We spoon, he and I, sleeping together naked as one. Some time in the middle of the night, he takes my hand and twines his fingers with mine, holding my hand against his heart. My chin rests on his shoulder, my other arm (the one you always wonder what to do with when you spoon) underneath his pillow, supporting our heads.

We sleep. We dream. We love. The night passes, and we are content, blissful, dreaming each our separate dreams.

Sometime, before dawn, I awaken, but only halfway. I catch myself doing something. My hips are thrusting, my groin is on fire, and I am slowly, slowly thrusting the very center of myself in, but not IN, that perfect cleft of flesh beneath the small of his back. His flesh grips me, and he, in his half-awake state, clenches himself slowly, creating a hot (oh, god, so hot) friction that stirs me, commands me, to do more, something else than the delicious precursor in which we are almost unconsciously participating.

But I resist. This, what we're doing, is too slow, too delicious to give in to the perfectly normal temptation to be traditional. We could satisfy our morning lust in the usual way. But, no. This is better, this slow rubbing, thrusting, sliding feeling. It's like a dream, and our half-sleepy half-awake moans of incipient pleasure only contribute to that feeling.

I kiss his neck, and he thrusts himself back up against me, slowly, urgently, needing more contact, more touch, more of my body than simply our sex organs. My mind tells me that this is juvenile dry humping, but my heart (among other things) belies my mind.

My lover wakes more fully, stretching, and I see his muscles lengthen, and contract. Lengthen, and contract. He is beautiful, my morning love, and smiling at me, eyes closed.

We could go on like this for hours, he and I, this pleasant, gentle, sexual, erotic stimulation keeping us on the very threshold of both consciousness and stupor. But my hands, more awake than my mind, grip him, play on his skin. I excite those nerve endings that only he and I know can be excited in him, until he can no longer take me doing this to him.

He turns over, and now we are face to face, and now our blue steel, hot and turgid, touch each other and it's like electricity as we slide them up and down against one another, staring into each other's half-lidded eyes. I kiss him, gently, thrusting a bit more now, actually grinding myself against himself. At the same time, we look down and see ... my god, what we see. It's beautiful, but nasty. A powerful sight, but one that makes us feel a little guilty. What we see, those two things rubbing against each other so pleasurably, is what we have been told is wrong, dirty, bad. That we are somehow not men for doing this together.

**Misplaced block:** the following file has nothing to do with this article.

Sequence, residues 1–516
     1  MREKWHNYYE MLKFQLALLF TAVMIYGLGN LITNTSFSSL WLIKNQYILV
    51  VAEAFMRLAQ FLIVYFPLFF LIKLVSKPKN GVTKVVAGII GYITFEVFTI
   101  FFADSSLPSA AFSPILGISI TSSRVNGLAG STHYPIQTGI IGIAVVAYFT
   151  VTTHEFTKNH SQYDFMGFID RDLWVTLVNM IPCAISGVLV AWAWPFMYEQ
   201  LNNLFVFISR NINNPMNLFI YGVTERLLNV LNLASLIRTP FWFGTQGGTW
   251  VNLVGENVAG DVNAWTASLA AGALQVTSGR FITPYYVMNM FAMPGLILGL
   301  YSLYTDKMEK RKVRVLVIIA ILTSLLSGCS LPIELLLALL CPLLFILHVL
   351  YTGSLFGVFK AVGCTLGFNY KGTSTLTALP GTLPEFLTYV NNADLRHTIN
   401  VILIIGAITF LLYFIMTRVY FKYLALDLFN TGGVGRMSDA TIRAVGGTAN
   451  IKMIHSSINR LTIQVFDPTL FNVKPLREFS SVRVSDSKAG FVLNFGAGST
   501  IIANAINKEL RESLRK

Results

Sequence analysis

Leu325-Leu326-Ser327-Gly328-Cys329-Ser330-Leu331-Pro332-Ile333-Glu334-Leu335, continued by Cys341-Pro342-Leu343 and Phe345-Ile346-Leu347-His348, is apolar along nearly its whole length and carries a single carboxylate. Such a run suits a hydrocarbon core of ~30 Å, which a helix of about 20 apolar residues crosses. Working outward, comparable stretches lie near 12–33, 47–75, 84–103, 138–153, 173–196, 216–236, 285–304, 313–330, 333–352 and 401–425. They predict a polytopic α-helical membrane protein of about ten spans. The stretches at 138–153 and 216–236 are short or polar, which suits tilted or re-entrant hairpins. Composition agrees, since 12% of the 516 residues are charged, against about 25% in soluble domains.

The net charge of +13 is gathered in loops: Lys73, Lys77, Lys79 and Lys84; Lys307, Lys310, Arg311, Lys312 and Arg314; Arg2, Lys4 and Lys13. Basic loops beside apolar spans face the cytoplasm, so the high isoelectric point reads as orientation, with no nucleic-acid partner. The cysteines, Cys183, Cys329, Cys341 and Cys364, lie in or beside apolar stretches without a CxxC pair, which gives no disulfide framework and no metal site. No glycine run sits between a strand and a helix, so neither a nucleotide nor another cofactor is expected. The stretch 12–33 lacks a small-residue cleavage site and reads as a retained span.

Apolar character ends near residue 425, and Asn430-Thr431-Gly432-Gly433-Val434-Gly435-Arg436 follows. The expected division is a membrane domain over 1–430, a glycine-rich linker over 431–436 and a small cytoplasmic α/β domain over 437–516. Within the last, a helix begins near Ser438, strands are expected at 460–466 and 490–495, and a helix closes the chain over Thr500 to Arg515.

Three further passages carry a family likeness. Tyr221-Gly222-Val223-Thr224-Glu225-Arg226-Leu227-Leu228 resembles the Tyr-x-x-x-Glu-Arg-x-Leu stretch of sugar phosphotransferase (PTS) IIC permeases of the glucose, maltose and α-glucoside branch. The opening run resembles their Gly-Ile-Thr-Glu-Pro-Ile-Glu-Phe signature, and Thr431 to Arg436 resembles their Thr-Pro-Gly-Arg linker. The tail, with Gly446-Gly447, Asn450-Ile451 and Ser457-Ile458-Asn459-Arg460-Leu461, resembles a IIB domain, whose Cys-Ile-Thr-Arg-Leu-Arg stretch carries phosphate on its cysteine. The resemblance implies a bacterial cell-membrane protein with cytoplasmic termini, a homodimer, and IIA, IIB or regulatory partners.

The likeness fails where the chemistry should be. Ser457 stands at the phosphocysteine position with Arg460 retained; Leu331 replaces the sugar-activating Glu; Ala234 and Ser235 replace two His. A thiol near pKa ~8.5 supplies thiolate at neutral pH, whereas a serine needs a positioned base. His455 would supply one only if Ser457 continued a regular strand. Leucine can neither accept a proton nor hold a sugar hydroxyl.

We know that's not true. We know that sight is in no way feminine or effeminate. It's raw. Powerful. Unquestionably male, overwhelmingly masculine. Looking down, our breath quickens and catches in our bodies, because now our minds, our imaginations, our secret, hidden desires and fantasies have entered into the fray. So long suppressed, these fantasies somehow are represented in this one vision, these two things that everyone says are never to touch each other. But they are touching, they are slowly sliding over each other, they are giving us a sweet, sweet sensation that is wholly and perfectly right. Natural. Human. Good.

It ends with a powerful rush, a sensation unlike any other release I've ever felt, our bodies alive, on fire, our mouths as locked together as the rest of us, and it goes on and on and on til finally I have to break the kiss and vocalize this heavenly sensation, something I rarely, if ever do.

What a way to start the day...

...but we just go back to sleep.

Frottage, or "rubbing" in French, is the artistic technique of rubbing a soft pencil or crayon over a piece of paper on top of a textured material such as wood to create an impression. The term is also used to describe the resulting impression.

The frottage technique was most often used by impressionists and members of the Surrealist movement, notably Max Ernst. It often is the base for more complex works like paintings and collages. These days the term is often used to describe any sort of impression, including the types of printing presses that involved that technique. Rubbings of medieval church brasses and other old buildings and works of art and impressions are often made with this technique as well.


Sources:
http://www.eb.com
http://www.groveart.com

Log in or register to write something here or to contact authors.